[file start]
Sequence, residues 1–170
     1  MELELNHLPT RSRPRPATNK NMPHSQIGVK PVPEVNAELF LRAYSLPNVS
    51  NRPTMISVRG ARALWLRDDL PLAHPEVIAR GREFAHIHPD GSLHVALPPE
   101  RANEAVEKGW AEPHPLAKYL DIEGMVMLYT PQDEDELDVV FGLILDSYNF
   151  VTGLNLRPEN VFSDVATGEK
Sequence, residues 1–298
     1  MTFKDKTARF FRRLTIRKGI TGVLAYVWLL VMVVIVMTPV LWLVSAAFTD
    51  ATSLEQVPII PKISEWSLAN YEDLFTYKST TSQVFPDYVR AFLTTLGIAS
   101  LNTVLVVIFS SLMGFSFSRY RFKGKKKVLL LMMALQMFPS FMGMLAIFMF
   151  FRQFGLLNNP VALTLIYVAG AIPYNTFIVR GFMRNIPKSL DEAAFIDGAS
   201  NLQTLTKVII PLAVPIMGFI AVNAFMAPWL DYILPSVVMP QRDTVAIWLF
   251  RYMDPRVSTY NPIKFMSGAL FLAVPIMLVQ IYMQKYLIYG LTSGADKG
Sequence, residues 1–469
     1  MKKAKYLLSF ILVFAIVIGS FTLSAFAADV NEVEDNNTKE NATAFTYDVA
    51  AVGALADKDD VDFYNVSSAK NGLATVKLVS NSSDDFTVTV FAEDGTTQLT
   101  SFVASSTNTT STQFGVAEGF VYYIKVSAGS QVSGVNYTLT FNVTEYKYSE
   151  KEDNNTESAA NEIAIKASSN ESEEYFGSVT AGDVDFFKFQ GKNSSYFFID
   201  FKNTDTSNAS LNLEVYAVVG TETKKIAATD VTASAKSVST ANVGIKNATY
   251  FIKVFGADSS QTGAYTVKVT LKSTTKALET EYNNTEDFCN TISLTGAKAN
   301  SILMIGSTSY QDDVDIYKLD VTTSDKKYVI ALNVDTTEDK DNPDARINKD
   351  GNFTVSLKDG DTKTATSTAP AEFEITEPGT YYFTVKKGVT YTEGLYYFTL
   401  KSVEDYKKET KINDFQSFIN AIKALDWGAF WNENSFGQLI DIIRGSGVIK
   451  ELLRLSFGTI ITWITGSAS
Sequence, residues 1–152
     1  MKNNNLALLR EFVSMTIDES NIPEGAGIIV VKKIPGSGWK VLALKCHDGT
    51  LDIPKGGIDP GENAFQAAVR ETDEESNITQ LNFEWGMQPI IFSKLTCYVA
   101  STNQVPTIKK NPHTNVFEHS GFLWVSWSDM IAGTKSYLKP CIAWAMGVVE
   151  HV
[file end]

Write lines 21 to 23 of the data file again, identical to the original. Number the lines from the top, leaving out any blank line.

   351  GNFTVSLKDG DTKTATSTAP AEFEITEPGT YYFTVKKGVT YTEGLYYFTL
   401  KSVEDYKKET KINDFQSFIN AIKALDWGAF WNENSFGQLI DIIRGSGVIK
   451  ELLRLSFGTI ITWITGSAS